North Korean Leader Kim Jong-Un Forewarns Of ‘Difficult’ Crisis

North Korean leader Kim Jong-un has urged citizens to organize for a “difficult” crisis, following human rights groups’ warnings that the country faces dire food shortages and economic instability.

Speaking at a celebration conference, Mr. Kim seemed to compare things to an infamous deadly famine within the 1990s.

North Korea has shut its borders due to the coronavirus pandemic.

It has brought trade with China, its economic lifeline, to a standstill.

This is also on top of existing international economic sanctions over Pyongyang’s nuclear program.

In a rare admission of looming hardship, the authoritarian leader on Thursday called on party cadres to “wage another harder ‘Arduous March’ to alleviate our people of the difficulty, even a little”.

The Arduous March may be a term employed by North Korean officials to ask about the country’s struggle during a devastating famine during the 1990s when the autumn of the Soviet Union left North Korea without crucial aid. Around 3 million people are estimated to possess died during that period.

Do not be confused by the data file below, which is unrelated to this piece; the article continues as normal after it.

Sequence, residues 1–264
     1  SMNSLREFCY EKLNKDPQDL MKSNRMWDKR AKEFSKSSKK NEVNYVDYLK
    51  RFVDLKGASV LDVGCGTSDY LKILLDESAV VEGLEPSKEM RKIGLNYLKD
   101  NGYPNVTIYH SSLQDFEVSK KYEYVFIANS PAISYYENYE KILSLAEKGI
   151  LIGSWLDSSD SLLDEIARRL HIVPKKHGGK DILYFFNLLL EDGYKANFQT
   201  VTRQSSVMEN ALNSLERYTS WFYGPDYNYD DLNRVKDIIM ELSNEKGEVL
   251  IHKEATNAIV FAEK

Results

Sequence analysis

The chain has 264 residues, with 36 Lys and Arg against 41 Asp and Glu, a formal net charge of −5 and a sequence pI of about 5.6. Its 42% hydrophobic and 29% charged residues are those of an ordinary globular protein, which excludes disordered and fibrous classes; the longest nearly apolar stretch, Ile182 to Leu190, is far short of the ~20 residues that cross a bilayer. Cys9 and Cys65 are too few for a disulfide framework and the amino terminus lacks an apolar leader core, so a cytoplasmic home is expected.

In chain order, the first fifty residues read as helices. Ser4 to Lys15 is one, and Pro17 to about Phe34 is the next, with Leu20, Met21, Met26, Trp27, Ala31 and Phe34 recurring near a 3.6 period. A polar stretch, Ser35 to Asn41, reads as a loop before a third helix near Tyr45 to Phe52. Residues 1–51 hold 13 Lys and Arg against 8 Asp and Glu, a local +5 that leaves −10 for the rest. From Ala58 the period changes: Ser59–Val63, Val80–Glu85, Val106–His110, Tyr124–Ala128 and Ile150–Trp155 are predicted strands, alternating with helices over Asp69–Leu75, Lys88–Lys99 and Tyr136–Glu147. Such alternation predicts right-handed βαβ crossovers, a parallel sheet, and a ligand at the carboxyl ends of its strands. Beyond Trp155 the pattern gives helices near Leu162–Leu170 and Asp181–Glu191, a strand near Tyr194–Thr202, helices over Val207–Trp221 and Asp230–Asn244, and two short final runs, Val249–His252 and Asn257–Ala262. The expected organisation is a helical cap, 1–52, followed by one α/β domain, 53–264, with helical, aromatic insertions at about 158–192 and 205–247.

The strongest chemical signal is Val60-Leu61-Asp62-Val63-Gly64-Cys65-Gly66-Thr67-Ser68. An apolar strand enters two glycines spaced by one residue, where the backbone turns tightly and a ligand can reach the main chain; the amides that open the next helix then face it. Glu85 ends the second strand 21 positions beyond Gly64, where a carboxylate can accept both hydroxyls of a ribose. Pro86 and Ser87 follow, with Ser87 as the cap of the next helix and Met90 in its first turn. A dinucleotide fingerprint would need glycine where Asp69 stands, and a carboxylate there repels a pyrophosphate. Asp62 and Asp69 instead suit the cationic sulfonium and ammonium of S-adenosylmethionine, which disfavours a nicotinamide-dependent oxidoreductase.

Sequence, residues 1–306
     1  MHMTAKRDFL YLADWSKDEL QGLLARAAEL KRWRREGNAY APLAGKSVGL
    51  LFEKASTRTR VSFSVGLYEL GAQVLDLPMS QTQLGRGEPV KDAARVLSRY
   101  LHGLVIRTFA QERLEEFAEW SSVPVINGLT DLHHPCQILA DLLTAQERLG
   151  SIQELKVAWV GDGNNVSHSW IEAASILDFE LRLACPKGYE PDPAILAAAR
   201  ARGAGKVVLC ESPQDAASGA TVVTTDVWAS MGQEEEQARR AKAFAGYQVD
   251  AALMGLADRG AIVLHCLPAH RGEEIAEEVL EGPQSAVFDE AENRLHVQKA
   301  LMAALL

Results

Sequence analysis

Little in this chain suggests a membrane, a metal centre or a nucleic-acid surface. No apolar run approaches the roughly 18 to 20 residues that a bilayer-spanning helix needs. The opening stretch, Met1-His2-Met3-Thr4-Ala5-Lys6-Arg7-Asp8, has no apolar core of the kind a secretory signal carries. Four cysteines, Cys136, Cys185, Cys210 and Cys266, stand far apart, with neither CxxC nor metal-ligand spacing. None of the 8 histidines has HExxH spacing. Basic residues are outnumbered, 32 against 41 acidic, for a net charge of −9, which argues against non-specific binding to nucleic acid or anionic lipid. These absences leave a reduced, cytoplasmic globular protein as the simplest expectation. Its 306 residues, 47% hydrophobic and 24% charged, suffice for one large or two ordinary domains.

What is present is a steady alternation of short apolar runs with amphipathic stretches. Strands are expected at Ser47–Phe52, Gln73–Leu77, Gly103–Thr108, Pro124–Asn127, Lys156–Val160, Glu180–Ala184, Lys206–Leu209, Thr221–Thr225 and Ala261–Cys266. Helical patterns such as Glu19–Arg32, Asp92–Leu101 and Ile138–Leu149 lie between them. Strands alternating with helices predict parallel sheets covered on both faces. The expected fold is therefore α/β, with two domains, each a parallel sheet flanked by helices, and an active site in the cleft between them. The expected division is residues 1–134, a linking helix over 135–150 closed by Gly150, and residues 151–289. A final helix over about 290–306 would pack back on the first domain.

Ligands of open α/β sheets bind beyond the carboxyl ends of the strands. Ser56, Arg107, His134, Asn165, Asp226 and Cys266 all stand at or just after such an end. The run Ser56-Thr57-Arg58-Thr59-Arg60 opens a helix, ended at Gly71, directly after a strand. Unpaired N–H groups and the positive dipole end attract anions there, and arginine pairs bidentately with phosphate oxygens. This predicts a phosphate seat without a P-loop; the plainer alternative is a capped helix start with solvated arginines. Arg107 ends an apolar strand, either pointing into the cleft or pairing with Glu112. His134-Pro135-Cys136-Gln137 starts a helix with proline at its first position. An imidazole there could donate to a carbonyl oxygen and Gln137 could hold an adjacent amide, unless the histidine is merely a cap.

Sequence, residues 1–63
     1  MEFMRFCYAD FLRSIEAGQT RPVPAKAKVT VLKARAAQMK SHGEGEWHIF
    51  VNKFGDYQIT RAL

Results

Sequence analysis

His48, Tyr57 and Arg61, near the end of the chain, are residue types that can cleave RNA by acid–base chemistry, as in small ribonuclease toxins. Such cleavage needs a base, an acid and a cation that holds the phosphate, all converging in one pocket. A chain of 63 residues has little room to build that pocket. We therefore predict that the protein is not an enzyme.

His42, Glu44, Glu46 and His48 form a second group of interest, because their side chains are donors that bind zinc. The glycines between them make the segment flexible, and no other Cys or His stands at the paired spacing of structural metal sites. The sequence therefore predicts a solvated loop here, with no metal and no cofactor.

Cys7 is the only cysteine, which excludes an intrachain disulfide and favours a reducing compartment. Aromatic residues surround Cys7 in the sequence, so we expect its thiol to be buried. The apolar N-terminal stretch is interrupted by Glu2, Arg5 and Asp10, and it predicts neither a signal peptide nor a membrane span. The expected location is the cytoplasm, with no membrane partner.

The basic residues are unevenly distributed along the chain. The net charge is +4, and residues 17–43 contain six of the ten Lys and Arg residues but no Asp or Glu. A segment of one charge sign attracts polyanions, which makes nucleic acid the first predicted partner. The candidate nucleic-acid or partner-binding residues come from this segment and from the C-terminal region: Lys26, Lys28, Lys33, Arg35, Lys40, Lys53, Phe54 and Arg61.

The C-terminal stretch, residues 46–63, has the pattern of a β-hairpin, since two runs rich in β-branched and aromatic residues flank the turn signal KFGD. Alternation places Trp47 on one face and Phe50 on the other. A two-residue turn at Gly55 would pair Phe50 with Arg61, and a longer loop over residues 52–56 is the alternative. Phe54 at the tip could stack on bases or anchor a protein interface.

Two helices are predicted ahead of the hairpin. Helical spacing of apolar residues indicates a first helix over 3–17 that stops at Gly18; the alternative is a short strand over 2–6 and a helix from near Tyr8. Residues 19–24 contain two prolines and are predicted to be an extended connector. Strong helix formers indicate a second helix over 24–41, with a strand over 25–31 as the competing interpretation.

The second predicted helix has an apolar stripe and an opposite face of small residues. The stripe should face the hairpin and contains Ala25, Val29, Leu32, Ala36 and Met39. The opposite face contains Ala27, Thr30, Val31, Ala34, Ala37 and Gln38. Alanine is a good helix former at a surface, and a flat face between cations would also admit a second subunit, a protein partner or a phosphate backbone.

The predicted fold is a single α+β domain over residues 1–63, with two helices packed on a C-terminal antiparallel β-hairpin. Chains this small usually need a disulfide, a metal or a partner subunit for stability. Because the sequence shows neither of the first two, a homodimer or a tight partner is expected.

Earlier in the week, Mr. Kim had warned the country faced the “worst-ever situation” and “unprecedentedly numerous challenges”.

How bad is the situation?

There have been warnings for months that the people of North Korea are struggling.

Reports of hardship appear to becoming especially from towns near the Chinese border, where smuggling would be an enormous earner for many.

The price of corn, the staple diet for many of rural North Korea, has reportedly fluctuated enormously, and sometimes a kilogram of corn has cost quite a month’s wages.

Lina Yoon, a researcher from Human Rights Watch, said during a recent report citing unnamed contacts within the country that “there is barely any food going into the country from China for almost two months now”.

“There are numerous more beggars, some people died from hunger within the border area, and there is no soap, toothpaste, or batteries.”

The UN Special Rapporteur on North Korean Human Rights, Tom├ís Ojea Quintana, warned last month during a report of a “serious food crisis” already resulting in malnourishment and starvation.

“Deaths by starvation are reported, as has a rise within the number of youngsters and elderly people that have resorted to begging as families are unable to support them.”

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